The Procurement Bill: evolution, not revolution, in the regulation of public procurement | Fieldfisher
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The Procurement Bill: evolution, not revolution, in the regulation of public procurement

Nick Pimlott


United Kingdom

The Procurement Bill (Bill) was introduced into Parliament on 11 May 2022 and is at the time of writing at the Committee Stage in the House of Lords.

It is part of the Government's 'post-Brexit' strategy and aims to reform the current EU-based laws on public procurement of goods and services within the UK.  The objective of the Bill is to modernise and streamline the UK's procurement rules, whilst placing a focus on "value for money, public benefit, transparency and integrity".[1] 

The introduction of the Bill followed a lengthy period of public consultation which commenced with the publication of a Green Paper - Transforming Public Procurement - in December 2020 seeking input from stakeholders on a range of proposals to reform and simplify the EU-based rules.  The Government received 619 responses to the Green Paper from public bodies, suppliers to Government, and from other interested parties such as academics, legal professionals and members of the public.  The Government's response to the consultation was published on 6 December 2021.  Overall, respondents were positive about the proposed changes but the Government nevertheless shifted its position in a number of areas in the light of comments received during the consultation.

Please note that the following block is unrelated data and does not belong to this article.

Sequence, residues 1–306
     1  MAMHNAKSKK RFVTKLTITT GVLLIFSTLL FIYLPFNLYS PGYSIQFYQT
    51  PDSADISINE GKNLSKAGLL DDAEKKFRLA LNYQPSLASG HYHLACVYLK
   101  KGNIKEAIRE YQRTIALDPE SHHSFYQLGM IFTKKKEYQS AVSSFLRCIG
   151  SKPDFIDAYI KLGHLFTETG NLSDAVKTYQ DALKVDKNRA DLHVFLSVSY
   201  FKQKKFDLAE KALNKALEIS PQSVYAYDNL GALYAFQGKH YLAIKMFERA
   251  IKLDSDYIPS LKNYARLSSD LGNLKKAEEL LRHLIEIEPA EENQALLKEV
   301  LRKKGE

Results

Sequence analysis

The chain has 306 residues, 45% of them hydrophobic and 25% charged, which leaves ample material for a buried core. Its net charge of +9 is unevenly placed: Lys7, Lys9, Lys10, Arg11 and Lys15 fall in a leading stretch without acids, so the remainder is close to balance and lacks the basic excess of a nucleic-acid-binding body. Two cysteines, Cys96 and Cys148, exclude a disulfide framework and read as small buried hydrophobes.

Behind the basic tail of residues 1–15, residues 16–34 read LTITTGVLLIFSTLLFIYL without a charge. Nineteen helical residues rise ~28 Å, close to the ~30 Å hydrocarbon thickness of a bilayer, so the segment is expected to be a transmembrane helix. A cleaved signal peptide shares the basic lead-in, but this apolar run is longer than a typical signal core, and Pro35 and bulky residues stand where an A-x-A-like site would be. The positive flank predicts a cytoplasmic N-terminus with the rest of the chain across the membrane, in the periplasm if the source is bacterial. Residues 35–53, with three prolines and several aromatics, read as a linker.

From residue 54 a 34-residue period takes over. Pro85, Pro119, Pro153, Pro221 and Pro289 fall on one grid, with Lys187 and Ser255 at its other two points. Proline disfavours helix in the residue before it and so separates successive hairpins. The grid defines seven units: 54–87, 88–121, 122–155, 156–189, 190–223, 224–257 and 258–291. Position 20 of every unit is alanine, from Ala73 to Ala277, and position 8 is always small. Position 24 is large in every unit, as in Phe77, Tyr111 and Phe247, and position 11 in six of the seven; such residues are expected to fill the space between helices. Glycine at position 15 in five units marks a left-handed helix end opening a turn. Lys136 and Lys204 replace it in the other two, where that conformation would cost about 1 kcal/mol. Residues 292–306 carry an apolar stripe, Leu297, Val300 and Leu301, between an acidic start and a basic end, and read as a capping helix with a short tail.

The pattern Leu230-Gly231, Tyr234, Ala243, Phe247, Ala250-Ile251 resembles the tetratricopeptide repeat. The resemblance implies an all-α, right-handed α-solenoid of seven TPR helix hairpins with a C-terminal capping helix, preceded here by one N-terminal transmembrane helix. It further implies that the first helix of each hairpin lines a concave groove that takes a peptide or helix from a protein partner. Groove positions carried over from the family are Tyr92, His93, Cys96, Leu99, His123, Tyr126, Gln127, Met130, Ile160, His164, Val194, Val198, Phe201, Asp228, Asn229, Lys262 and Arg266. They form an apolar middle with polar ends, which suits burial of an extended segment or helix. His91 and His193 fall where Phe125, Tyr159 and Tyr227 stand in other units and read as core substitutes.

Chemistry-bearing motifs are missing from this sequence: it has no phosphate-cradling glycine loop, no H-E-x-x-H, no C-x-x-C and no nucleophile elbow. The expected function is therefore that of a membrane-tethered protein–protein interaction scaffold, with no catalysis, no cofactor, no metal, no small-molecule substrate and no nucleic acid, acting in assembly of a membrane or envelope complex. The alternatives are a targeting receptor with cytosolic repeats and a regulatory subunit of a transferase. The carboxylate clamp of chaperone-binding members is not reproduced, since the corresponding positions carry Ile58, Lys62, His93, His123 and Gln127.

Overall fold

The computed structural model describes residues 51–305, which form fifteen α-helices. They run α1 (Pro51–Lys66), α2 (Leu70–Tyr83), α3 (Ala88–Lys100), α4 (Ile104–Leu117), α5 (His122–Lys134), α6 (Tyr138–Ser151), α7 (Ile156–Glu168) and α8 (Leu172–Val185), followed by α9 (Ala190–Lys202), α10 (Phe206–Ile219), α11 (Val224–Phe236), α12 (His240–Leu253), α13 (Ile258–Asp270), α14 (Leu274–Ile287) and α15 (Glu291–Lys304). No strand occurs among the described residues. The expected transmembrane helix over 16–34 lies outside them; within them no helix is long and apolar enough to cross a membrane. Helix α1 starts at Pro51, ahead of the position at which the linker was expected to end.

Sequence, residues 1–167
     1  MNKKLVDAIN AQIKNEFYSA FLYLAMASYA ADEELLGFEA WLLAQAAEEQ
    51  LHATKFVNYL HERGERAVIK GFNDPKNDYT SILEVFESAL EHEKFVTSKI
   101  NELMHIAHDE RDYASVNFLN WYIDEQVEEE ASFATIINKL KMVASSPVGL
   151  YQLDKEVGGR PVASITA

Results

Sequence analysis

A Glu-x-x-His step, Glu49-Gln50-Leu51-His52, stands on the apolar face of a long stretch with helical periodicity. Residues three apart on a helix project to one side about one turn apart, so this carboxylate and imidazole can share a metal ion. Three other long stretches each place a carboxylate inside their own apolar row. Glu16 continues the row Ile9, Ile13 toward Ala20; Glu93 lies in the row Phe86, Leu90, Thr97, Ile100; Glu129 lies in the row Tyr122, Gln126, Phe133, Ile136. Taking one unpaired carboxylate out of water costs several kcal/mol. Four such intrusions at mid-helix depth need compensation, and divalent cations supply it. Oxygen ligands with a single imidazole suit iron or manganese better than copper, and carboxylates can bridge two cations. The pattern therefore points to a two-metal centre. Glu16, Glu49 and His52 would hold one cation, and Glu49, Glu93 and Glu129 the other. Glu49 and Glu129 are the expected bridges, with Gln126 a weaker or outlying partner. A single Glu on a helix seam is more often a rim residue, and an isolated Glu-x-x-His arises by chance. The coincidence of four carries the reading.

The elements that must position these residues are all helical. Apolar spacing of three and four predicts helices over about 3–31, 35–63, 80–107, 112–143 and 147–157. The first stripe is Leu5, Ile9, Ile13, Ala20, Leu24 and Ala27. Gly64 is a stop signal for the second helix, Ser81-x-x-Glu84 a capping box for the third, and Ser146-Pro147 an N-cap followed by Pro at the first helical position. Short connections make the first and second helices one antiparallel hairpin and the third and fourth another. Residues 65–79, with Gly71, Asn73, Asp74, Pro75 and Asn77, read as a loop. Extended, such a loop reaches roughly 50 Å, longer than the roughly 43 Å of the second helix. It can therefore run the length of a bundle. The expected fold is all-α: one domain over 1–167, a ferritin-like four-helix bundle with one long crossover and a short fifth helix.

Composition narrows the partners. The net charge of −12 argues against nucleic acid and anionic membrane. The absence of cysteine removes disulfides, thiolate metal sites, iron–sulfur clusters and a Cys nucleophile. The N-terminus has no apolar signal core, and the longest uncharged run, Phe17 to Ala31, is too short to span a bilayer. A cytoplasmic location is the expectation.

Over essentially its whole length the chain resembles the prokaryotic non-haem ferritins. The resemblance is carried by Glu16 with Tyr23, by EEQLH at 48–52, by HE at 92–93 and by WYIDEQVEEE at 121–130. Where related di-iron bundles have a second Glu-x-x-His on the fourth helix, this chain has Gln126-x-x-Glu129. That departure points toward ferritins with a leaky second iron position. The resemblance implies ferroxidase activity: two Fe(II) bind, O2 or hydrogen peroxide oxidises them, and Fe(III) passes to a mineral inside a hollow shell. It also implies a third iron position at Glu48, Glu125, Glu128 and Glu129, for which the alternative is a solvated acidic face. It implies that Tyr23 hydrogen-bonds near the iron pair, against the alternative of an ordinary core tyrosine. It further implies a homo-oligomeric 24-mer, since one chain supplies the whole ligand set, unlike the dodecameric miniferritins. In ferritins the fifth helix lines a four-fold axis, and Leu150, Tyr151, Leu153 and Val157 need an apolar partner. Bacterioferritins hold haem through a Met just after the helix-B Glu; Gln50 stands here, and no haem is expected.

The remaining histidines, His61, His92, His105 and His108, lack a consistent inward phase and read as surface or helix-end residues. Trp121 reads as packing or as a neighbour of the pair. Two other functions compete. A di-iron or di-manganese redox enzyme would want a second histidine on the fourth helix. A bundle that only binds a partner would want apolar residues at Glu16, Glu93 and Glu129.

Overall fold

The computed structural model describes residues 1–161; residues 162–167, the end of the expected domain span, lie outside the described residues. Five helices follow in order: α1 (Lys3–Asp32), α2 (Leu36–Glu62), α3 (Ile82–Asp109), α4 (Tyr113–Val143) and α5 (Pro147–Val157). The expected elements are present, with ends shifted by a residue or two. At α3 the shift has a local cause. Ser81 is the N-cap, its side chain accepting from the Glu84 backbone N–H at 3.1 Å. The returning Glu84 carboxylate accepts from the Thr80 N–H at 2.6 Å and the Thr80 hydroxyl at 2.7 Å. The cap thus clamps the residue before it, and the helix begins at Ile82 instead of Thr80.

The Bill represents evolution, not revolution, in the way that public procurement will be regulated in the UK.  The scope of the legislation and many of the concepts used are similar to those that procurement practitioners will be familiar with from the current EU-based rules.  This is in large part because the Bill seeks to implement the UK's post-Brexit commitments under the Government Procurement Agreement of the WTO (GPA) and other trade agreements entered into by the UK.  The GPA requires signatories to open up their Government procurement markets to suppliers from other signatory states within the scope of mutual commitments given by the parties. 

The system of procurement regulation required by the GPA is both an influence on and has been influenced by the EU procurement rules, which themselves represent the EU's implementation of the GPA on behalf of EU Member States.  Having committed to the GPA, the UK Government's room for manoeuvre, had it wished to depart radically from the EU rules, was therefore limited.  Nevertheless, the GPA is in many ways much less prescriptive than the EU approach, which the Government has sought to take full advantage of in developing its policy for the future regulation of public procurement in the UK.

In a series of articles to be published over the coming weeks, we will examine the key features of the Bill and highlight the main areas in which the public procurement regime will, and will not, change once the Bill is enacted.  Today we are kicking off with a piece on:

  • The scope of the Bill
  • Principles and objectives of procurement under the Bill

Subsequent topics include:

  • Award procedures, award criteria and technical specifications
  • Supplier exclusion and debarment
  • Frameworks and dynamic markets
  • Direct award
  • Transparency and the provision of information
  • Modifying public contracts
  • Procurement challenges
  • Light touch contracts
  • And more…

These articles will be based on the Bill as introduced in the House of Lords in May 2022 together with such Government-tabled amendments that we are aware of at the time of writing.  Further changes may of course be made as the Bill passes through further Parliamentary stages.



Areas of Expertise

Public and Regulatory